Home > Asylum (Asylum #1)(11)

Asylum (Asylum #1)(11)
Madeleine Roux

“Amen,” said Jordan.

“Amen too,” said Abby, and she linked arms with Jordan and Dan.

Dan was content with himself for once. He had two new friends and classes he was actually excited to attend. One day in, the summer was looking up.

After registration, the students were split into a few smaller, more manageable groups and funneled into rooms off the main floor of Wilfurd Commons. The director of the program was there to help guide the flow of traffic, waving and joking with a few of the professors who idled out in the hall. Inside their designated room, the friends were greeted by a professor and a red-headed guy who was handing out information on the various services available to them, emergency numbers, and maps of campus. The guy seemed to recognize Jordan, greeting him with a friendly “What’s up” before moving on to the next kid in line.

“Haven’t we heard all this a thousand times already?” Jordan groused as they took their seats. A dozen or so rows of chairs had been set up in front of a pull-down screen. They sat at the end of the third row, backpacks tucked under their feet. “I mean, I know I read this somewhere already. The pamphlets, the website . . .”

“Some of these kids have never been away from home before,” Dan replied. Abby sat between him and Jordan, perusing a neon-green handout.

“Have you?” Abby asked. It was a friendly, conversational question, but Dan froze, not sure how to answer. He didn’t like to talk about the foster homes he’d been in before lucking out with Paul and Sandy.

He was glad when the professor motioned for everyone to be quiet, waiting by the projector until the students had stopped talking.

“That’s Joe,” Jordan said, nodding toward the stocky, red-headed student. “He’s a hall monitor on my floor.”

“Kinda cute.”

“A hall monitor? No way, Abs, that’s forbidden fruit. Ha ha, fruit, get it?”

“Unfortunately, yes,” Abby muttered, rolling her eyes.

“Ahhh, I crack me up,” Jordan added, wiping away a nonexistent tear.

“That makes one of us.”

The dark-haired girl sitting ahead of them turned and glared, silencing Abby and Jordan with a look. Behind her back, Jordan stuck out his tongue as the professor finally started talking.

“This is Joe McMullan, and I’m Professor Reyes. I know you’re all probably very bored with orientation stuff, but this will be quick and painless, I promise.”

Her name sounded familiar. Dan reached quietly into his pocket and pulled out his schedule. Scanning the list, he found that she was his History of Psychiatry professor. He tucked the schedule away, fixing his attention to the front of the room again. She was shorter than Joe by at least a head, and looked approachable enough, with ruddy cheeks and a gap in her teeth. She wore all black accented by a chunky necklace of turquoise stones.

“First, a few words on dorm safety . . .”

Dan let his eyes wander around the room. A few seats down he saw Felix sitting bolt upright in his chair. He sighed, thinking he really ought to include his roommate more, and maybe see if an hour or two kicking back as a group would bring Felix out of his shell. But he genuinely liked what he had going with Abby and Jordan, and if Felix made things weird, Dan would be blamed for forcing him into the dynamic.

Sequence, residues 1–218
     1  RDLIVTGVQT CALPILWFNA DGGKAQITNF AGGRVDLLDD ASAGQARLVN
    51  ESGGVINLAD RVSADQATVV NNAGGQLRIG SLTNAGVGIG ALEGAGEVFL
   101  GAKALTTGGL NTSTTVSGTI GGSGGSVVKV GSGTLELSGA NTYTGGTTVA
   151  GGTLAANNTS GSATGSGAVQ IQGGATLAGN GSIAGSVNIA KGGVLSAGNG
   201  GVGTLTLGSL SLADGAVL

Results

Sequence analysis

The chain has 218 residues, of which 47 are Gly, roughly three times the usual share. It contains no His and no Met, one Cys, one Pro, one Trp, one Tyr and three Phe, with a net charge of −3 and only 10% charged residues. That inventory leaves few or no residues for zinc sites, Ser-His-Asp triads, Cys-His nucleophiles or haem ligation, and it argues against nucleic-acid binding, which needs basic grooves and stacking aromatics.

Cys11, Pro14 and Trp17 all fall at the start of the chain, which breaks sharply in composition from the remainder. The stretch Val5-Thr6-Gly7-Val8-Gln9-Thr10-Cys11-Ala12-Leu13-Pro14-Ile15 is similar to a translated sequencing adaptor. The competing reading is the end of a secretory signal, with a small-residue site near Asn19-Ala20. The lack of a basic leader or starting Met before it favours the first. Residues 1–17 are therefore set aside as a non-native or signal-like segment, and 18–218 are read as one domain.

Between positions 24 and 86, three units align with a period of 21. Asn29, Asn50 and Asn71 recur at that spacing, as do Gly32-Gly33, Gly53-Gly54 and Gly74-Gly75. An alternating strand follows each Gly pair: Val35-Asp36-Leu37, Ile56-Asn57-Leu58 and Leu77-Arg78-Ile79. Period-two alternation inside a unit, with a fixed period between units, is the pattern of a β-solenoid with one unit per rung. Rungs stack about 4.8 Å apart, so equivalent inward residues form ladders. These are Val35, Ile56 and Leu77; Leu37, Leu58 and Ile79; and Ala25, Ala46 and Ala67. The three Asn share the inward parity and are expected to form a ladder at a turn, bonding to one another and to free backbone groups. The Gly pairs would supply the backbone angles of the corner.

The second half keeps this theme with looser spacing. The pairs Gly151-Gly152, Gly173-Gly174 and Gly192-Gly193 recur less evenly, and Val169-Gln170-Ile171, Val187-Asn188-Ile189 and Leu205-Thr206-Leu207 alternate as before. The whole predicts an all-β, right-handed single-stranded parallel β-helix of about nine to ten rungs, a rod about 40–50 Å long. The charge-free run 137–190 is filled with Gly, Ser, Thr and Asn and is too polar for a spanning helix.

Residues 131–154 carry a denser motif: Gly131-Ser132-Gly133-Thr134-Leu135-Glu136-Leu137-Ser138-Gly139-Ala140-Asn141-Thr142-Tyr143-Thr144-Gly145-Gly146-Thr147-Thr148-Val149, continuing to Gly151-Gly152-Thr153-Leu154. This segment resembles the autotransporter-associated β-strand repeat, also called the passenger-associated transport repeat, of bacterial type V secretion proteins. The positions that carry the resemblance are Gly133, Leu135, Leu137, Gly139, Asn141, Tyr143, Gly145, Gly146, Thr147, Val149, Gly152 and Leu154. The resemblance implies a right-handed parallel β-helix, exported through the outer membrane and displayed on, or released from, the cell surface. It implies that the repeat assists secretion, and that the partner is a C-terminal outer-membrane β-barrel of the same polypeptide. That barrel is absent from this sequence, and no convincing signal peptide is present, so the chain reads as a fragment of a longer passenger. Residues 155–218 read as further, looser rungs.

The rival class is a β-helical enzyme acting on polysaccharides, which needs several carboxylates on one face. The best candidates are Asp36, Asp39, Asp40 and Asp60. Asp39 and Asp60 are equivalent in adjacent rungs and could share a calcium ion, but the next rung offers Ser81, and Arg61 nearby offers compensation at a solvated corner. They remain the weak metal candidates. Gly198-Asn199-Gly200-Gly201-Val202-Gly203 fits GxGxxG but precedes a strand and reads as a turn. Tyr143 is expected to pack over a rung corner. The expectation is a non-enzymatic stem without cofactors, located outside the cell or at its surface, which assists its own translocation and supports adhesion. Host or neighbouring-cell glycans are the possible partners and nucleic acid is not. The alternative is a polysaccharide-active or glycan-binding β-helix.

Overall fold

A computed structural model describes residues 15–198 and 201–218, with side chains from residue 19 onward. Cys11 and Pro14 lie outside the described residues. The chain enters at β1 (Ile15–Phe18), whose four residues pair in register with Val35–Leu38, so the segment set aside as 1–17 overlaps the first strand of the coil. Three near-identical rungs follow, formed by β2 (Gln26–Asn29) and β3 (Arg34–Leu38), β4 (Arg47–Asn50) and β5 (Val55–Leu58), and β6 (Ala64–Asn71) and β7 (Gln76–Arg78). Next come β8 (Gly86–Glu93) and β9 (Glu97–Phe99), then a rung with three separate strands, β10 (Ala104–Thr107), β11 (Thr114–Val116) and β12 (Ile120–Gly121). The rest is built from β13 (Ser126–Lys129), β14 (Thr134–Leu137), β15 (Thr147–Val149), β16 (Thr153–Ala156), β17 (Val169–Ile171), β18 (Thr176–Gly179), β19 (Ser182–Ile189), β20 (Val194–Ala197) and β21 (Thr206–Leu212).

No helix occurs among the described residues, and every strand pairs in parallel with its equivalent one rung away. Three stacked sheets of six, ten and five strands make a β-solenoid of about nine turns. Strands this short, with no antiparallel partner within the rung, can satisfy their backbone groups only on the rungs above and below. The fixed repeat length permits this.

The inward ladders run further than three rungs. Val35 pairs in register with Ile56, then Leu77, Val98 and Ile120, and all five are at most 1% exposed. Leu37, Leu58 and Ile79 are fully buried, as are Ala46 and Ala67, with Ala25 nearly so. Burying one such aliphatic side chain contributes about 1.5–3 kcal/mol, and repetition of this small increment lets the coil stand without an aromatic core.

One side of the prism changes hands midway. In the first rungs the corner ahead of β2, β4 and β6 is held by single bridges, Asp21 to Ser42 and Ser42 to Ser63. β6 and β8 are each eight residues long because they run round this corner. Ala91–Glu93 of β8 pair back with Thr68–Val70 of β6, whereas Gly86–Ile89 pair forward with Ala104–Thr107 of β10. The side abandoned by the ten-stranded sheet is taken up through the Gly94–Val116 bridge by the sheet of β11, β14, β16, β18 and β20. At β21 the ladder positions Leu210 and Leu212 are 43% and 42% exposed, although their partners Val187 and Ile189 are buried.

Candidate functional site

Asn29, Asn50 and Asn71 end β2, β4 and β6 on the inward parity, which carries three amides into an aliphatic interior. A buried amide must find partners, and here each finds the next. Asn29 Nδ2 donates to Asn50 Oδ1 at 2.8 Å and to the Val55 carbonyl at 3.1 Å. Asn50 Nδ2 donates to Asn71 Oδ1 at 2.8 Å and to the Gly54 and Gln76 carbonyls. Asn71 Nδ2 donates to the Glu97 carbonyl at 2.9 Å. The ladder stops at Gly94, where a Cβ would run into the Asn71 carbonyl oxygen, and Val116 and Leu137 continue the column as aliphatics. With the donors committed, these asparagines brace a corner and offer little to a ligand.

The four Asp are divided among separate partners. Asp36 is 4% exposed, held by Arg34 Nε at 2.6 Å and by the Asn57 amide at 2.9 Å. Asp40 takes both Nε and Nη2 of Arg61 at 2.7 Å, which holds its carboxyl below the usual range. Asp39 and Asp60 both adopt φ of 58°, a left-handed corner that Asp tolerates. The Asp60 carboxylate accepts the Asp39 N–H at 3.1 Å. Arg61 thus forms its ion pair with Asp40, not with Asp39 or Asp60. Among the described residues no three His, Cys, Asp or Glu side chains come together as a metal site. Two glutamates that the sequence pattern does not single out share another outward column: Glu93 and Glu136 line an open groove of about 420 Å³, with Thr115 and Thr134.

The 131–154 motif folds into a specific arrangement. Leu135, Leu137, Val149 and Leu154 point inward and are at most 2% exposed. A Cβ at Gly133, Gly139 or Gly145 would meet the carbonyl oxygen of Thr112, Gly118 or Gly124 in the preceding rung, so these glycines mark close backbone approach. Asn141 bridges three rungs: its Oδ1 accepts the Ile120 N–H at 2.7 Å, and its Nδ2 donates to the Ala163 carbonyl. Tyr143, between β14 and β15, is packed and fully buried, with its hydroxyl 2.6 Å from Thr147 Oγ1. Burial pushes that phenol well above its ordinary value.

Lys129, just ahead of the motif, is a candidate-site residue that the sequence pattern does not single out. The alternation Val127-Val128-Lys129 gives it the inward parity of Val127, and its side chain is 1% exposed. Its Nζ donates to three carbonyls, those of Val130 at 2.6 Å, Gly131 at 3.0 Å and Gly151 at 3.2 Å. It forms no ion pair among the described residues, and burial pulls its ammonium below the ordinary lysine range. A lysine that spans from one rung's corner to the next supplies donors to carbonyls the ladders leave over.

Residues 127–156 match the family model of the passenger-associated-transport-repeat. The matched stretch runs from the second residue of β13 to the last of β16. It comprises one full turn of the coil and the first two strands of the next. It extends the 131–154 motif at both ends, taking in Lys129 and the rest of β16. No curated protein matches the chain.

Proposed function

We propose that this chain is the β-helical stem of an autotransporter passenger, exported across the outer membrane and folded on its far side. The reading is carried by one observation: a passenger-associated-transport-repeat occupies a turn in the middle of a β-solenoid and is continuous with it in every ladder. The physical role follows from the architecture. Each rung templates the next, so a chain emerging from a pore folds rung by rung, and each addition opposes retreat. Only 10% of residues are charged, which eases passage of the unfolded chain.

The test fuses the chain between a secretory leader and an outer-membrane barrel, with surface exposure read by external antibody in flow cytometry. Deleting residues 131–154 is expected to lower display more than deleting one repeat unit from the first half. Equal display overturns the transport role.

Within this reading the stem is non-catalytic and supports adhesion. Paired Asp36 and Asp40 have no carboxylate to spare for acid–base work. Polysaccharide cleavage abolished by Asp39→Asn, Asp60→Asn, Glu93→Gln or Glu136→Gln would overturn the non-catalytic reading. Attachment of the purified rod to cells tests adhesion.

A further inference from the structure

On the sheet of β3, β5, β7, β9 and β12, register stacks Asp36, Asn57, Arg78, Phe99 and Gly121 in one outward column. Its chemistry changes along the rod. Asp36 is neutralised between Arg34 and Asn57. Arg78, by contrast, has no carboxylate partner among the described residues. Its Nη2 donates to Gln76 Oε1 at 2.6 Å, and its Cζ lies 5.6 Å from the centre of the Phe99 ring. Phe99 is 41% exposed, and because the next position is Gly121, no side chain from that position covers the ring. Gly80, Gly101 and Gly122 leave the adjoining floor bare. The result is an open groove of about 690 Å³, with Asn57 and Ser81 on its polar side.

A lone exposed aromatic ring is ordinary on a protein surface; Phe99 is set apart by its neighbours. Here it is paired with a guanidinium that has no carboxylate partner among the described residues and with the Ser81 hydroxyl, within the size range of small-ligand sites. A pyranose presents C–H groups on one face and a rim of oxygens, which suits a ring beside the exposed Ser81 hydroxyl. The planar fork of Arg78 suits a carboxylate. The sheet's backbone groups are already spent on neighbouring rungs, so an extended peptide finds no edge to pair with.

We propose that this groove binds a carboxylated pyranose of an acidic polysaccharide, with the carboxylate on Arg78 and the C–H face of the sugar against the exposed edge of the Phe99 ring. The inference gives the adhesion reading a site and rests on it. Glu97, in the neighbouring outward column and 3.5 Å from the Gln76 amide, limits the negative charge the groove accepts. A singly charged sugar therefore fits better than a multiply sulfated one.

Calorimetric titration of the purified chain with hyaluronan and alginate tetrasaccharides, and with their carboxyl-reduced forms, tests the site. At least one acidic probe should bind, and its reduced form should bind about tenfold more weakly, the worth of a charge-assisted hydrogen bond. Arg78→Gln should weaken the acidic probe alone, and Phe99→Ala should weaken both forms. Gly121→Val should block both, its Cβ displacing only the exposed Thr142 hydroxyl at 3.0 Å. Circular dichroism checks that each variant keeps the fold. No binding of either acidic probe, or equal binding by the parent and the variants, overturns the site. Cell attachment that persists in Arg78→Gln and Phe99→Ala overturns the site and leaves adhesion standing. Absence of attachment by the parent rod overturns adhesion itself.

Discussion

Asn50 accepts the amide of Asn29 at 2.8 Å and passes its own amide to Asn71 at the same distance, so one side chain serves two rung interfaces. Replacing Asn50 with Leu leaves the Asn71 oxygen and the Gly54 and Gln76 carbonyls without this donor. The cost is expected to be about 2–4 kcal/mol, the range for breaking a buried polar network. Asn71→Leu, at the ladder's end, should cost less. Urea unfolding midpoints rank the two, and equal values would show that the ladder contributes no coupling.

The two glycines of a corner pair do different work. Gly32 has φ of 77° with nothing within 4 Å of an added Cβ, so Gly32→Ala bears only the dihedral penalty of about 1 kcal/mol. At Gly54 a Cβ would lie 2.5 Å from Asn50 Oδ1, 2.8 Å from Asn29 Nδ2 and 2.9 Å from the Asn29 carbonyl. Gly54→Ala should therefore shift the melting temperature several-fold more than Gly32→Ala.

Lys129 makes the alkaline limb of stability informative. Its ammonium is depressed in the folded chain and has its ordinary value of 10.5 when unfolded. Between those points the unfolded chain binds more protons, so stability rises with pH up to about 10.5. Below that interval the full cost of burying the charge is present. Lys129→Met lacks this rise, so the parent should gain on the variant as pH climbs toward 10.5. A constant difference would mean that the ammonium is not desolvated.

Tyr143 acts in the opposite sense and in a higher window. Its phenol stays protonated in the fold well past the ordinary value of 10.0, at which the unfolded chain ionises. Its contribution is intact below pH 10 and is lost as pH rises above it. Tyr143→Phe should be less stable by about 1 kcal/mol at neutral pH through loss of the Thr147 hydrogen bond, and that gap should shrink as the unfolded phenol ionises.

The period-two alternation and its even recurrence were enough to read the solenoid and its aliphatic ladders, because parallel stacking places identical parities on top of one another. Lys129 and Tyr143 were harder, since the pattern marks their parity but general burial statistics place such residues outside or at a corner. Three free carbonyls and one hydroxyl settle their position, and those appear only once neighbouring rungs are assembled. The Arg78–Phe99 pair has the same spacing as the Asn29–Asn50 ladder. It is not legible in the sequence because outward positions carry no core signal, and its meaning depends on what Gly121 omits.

“Brookline has a rich and complex past,” Professor Reyes was saying. “So if you have any questions, ask anytime! History is nothing to be afraid of.”

It was wrong, all wrong. Dan was in the wrong place. There must have been some mistake. He didn’t deserve to be here. He wasn’t crazy, he wasn’t. So why was he chained to the wall? He struggled until there was blood on his wrists from where the shackles held him.

“Help!” he screamed, but his voice came out in a whisper.

The room changed. Now Dan was lying on a table in a robe. A key clicked in the door and a waiter wearing glasses and a white serving uniform came in, rolling a tray in front of him. There was a big silver dome on the tray, and Dan could hear something under it tinkling and rattling like silverware. “Your dinner, sir,” the waiter said, removing the dome. Underneath were surgical instruments: a scalpel, a clamp, and a hypodermic needle.

Dan looked up, and the waiter’s face had changed. Now he was wearing a white doctor’s coat and a surgical mask. Worst of all, where his eyes had been there were only black sockets, as if his eyes had been scratched out.

As he reached for the instruments, the doctor said in a gentle voice, “Don’t worry, Daniel Crawford. I’m here to take care of you.”

Dan startled awake. Sweat was pouring down his face, and he had grabbed the sheet so tightly that his fingers were cramping. He was still muttering, “No, no, don’t hurt me!”

Heart pounding, he sat up. His eyes adjusted to the darkness slowly. He was in his room. There was no waiter, no doctor. There was only Felix, stock-still, standing beside the bed watching him.

“Ah!” He sank down into the pillows again and yanked the sheet up to his chin. “What . . . what are you doing?”

“You were speaking in your sleep, Daniel,” Felix replied calmly. He took a tiny step away from the bed. “Are you feeling all right? The noise was . . . Well, it woke me, as you can see. . . .”

“S-sorry,” Dan mumbled. “Just a nightmare. I’m . . . I’m fine, really.”

But I’d be better if you backed the hell away.

“I need some air,” he added, rolling out of bed. The sheets were damp with sweat.

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